In five years, we will have touched more than 300 women of color leaders. This network of leaders will contribute to our grantmaking strategy. We also are conducting a Community Development Finance Institution (CDFI) landscape analysis in partnership with Tulane University to understand how capital is flowing to women of color entrepreneurs and determine how WFS will invest in women of color-led business investment strategy.  

What is next for you, where can your supporters expect to see you next? 

We are expanding WŌC @ Rest to Texas and Atlanta this year. 

WFS is also hosting its annual fundraising gala Crescendeaux: A Carnival of Culture. This fashion shows fundraising gala will feature women of color designers from across the South and will take place on November 4th in New Orleans.

What message do you hope women take away from your platform as a whole?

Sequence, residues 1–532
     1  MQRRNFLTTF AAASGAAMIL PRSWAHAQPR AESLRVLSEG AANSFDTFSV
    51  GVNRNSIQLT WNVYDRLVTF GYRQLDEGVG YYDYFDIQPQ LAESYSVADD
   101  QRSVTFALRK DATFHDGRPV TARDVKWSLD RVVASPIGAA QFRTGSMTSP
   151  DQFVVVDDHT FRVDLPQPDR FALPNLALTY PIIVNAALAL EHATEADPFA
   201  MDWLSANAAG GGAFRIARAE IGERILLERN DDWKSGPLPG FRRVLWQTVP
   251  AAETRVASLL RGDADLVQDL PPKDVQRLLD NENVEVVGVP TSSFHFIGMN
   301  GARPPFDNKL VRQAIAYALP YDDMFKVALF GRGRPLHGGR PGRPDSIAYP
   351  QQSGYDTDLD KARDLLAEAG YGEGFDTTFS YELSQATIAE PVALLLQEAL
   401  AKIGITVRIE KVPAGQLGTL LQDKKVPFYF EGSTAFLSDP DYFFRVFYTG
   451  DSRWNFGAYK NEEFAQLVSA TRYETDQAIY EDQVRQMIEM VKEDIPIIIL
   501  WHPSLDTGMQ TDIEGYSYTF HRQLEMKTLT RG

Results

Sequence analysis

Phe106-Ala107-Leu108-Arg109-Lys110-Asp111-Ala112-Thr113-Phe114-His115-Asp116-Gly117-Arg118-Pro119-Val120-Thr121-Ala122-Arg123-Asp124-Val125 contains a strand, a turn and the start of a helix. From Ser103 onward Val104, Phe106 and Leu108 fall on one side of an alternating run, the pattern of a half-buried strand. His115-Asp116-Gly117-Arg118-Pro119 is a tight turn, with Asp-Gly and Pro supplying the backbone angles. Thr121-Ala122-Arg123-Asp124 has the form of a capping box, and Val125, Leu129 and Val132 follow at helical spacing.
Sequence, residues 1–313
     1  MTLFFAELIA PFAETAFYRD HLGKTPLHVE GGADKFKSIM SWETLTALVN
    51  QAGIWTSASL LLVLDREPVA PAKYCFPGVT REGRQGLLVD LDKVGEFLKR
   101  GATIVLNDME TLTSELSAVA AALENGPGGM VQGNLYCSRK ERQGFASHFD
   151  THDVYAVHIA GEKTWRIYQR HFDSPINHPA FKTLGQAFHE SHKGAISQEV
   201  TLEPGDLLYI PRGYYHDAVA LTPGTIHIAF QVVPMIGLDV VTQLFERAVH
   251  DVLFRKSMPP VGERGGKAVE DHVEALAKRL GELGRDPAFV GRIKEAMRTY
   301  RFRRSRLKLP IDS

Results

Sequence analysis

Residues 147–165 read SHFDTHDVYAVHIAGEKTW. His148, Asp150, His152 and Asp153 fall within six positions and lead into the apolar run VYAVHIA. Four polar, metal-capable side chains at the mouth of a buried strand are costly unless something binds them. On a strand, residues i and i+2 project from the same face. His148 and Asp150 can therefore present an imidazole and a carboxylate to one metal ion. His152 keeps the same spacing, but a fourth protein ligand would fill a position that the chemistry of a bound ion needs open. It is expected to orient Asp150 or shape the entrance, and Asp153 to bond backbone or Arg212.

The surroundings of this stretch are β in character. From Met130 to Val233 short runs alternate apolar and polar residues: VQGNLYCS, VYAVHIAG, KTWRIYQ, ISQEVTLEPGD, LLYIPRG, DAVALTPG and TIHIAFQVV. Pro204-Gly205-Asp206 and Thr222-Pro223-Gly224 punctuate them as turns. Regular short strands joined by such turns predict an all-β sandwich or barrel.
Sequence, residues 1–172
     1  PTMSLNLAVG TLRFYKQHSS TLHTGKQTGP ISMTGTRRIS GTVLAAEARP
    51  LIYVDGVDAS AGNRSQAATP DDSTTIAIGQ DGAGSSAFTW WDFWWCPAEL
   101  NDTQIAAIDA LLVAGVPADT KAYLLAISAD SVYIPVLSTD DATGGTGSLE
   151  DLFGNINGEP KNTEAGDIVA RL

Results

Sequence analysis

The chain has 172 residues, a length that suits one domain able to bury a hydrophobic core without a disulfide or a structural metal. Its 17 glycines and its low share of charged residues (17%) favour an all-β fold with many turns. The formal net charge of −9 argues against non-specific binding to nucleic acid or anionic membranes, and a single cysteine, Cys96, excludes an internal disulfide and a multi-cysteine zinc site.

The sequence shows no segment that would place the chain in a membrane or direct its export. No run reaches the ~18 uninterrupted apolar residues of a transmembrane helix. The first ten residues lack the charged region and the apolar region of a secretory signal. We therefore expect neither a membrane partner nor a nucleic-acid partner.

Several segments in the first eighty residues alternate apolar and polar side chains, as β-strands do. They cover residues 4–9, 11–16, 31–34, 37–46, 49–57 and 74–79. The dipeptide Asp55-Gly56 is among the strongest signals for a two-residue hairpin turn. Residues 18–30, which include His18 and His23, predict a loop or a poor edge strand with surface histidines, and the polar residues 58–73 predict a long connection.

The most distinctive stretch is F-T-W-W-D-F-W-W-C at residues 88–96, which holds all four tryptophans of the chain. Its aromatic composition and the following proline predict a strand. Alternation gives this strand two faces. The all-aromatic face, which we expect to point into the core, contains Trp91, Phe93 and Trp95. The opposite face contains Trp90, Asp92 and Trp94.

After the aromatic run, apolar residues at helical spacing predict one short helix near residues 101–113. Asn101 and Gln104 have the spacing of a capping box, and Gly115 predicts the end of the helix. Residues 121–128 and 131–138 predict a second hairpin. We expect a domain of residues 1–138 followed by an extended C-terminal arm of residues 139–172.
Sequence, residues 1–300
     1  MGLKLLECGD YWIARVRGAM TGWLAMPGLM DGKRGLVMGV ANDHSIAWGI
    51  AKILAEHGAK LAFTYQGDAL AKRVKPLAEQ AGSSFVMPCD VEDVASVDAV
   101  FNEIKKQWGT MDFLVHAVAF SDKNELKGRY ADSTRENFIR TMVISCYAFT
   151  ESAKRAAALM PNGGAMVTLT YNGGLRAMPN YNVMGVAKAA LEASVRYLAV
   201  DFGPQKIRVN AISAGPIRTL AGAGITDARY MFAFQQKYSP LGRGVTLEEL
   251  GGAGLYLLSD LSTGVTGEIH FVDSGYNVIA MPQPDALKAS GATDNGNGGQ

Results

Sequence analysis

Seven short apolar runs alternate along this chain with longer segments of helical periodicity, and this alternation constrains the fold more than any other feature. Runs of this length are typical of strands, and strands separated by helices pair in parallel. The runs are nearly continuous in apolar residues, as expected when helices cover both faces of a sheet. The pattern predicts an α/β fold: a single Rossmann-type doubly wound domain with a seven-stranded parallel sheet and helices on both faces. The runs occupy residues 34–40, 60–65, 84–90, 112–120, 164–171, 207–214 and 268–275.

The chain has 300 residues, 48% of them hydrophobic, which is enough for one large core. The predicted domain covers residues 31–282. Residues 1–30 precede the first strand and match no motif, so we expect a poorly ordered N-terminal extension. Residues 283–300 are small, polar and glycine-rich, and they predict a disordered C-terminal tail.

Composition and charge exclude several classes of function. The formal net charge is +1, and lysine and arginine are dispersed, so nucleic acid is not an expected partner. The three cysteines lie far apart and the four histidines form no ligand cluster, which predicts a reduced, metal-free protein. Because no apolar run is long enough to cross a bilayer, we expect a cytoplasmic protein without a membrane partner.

I hope women are inspired to imagine what is possible for the South and our very country if women and girls of color had more, are thriving, and are a vibrant and integral part of our social discourse. When we shift the South for women and girls of color, we can change our country for the better. 

What is your definition of a Pretty Woman Who Hustles? 

A pretty woman who hustles is a woman who not only sees the world as it is but also how it can be. She decidedly dedicates her time and resources to being the change she wants to see in the world. Her hustle not only benefits her but it benefits others. I hope all pretty women who hustle understand the importance of rest and take every opportunity to do so. We can’t dream if we don’t sleep. The recipe to change the world is made up of our dreams. 

Please provide Social Media Handles and Website

Women’s Foundation of the South

Website: www.womensfoundationsouth.org

@womensfdnsouth – InstagramTwitterFacebook, and LinkedIn

Carmen James Randolph – LinkedIn and Instagram 

Jakia Cheatham - Myles

CEO/Founder of Pretty Women Hustle Magazine